New York State Paid Family Leave Law: 7 Must Knows

  • By: Matthew Burr
  • Date: August 31, 2017
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New York State Paid Family Leave Law: 7 Must Knows

The New York State Worker’s Compensation Board, on February 22, 2017, has released proposed regulations regarding the upcoming 2018 Paid Family Leave Law. As stated, employees will be eligible for 12-weeks of paid family leave:

  • Leave to care for a child after birth or placement for adoption or foster care within the first 12-months after the birth or placement (may take leave before placement or adoption)
  • A qualifying exigency arising from the service of a family member in the armed forces of the U.S
  • To care for a family member with a serious health condition (illness, injury, impairment, or physical or mental condition that involves inpatient care in a hospital, hospice or residential health care facility)

As we move closer to the rollout date of January 1, 2018, it is important to know the requirements as regulated in New York State.

Related Training:

Want to learn more about New York State Paid Family Leave Act compliance? ComplianceOnline webinars are great training resources. Check out the following links:

New York State Paid Family Leave: What You Need to Know Before 2018

NYS Department of Labor Proposed Salary Increases

7 Key Requirements of the New York State Paid Family Leave

  1. Effective January 1, 2018, qualified employees will have up to 8 weeks of paid family leave in a 52-week calendar period at 50% of the employee’s average weekly wage. This will be capped at 50% of the state average weekly wage.
  2. The number of weeks and percentage in wages will gradually increase through January 1, 2021. On January 1, 2021, the employee will be eligible for 12 weeks and 67% of the average weekly wage.
  3. The proposed regulation offers a system in which employees directly apply leave benefits to the employer’s insurance carrier; employer complete one section of the claim and the insurance carrier makes the final determination.
  4. In the event a claim was denied or if the employer considers benefits were wrongly granted, the regulation also contains an arbitration provision. What if someone is out on vacation and a decision is reversed? What is the solution to the employer? There is no clear guidance on this yet.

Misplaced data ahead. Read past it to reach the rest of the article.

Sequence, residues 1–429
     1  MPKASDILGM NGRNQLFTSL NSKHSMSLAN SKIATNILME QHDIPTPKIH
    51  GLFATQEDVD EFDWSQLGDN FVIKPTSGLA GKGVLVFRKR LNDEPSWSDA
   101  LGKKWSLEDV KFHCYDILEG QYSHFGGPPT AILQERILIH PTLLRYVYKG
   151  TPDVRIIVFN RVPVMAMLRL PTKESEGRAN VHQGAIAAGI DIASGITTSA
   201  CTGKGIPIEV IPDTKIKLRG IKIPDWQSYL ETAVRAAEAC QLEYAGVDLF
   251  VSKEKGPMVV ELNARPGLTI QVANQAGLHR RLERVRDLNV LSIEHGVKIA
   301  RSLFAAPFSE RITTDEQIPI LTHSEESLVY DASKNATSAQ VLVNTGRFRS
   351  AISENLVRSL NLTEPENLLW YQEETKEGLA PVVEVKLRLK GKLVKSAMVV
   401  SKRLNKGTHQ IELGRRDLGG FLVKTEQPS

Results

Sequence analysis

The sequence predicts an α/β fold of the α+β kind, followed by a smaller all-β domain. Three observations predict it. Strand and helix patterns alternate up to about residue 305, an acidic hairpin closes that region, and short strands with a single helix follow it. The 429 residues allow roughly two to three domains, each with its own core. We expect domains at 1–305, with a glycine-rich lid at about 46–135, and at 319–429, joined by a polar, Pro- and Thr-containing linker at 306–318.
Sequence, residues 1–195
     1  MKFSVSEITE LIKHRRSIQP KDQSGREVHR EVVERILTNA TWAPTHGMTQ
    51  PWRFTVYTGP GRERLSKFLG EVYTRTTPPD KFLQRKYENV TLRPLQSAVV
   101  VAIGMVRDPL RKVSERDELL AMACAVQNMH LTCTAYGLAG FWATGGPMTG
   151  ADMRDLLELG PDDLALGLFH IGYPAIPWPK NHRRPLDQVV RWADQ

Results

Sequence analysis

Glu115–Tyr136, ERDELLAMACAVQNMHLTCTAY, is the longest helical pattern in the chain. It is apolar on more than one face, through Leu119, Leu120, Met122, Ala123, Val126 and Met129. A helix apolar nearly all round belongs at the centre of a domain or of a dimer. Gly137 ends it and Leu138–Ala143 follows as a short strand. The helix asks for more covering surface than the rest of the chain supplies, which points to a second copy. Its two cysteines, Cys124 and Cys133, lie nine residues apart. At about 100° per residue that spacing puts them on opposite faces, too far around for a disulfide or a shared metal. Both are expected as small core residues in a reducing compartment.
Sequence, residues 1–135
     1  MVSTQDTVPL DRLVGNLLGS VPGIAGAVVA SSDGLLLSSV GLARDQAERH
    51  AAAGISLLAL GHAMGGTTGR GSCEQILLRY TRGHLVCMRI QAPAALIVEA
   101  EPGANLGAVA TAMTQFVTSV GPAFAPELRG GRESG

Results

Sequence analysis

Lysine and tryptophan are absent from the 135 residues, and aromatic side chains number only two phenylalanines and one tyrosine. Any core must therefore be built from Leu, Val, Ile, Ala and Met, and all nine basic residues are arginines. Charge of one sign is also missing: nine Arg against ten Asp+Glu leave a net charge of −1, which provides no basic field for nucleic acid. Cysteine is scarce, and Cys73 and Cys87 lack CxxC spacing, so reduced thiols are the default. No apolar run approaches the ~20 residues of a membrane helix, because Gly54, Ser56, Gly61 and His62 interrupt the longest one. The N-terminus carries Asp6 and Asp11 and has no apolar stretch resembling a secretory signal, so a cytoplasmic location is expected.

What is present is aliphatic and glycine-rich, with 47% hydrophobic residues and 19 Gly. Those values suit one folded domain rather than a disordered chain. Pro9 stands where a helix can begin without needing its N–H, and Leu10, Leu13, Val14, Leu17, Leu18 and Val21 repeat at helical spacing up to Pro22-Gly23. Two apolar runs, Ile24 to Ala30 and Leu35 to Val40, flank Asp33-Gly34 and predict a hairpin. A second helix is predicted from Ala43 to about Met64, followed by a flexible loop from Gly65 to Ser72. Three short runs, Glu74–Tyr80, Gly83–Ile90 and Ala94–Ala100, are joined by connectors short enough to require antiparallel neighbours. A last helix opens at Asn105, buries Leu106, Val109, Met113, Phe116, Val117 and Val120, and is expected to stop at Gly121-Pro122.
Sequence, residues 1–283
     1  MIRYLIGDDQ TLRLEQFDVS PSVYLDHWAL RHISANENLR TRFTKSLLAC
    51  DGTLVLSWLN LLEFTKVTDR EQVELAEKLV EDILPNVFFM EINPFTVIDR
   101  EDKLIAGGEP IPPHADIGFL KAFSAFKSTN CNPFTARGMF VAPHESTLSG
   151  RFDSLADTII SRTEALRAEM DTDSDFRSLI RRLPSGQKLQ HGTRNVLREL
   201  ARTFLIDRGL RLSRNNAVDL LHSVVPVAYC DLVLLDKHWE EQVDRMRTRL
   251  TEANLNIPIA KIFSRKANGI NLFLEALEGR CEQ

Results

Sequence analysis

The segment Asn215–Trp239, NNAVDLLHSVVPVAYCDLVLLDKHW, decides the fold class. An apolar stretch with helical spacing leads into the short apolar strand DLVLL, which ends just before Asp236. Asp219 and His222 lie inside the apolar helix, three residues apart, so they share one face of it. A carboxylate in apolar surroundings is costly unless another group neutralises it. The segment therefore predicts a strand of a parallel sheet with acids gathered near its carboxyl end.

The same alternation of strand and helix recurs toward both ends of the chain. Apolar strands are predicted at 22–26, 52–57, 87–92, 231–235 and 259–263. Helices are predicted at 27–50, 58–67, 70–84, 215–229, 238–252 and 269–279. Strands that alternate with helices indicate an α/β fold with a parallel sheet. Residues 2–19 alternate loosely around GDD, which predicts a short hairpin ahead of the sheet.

5. Further, the proposed regulation contain provisions on paid time off. Employers cannot require employees to use accrued paid time off (PTO, sick or personal time).
  6. Additionally, state disability and paid family leave will not run concurrently.
  7. And finally, the proposed regulation do permit Paid Family Leave and FMLA to run concurrently. However, FMLA requirements are different than Paid Family Leave, regarding the number of weeks eligible and employee headcount. Ensure you understand FMLA requirements as well.

About the Author:

Matthew Burr has over nine years of experience working in the human resources field, starting his career as an industrial relations intern at Kennedy Valve Manufacturing to most recently founding and managing a human resource consulting company: Burr Consulting, LLC. Mr. Burr is an adjunct professor at Elmira College, teaching organizational behavior and human resources management. He is also a SHRM Certification Exam Instructor and co-teaches the SHRM Exam Prep Course at Elmira College. He works as a trainer at both Tompkins Cortland Community College and Corning Community College. He is also an on-call mediator and fact-finder through the Public Employment Relations Board in New York State.

Disclaimer: The views expressed in this article are the author's own and do not necessarily reflect ComplianceOnline's editorial policy.

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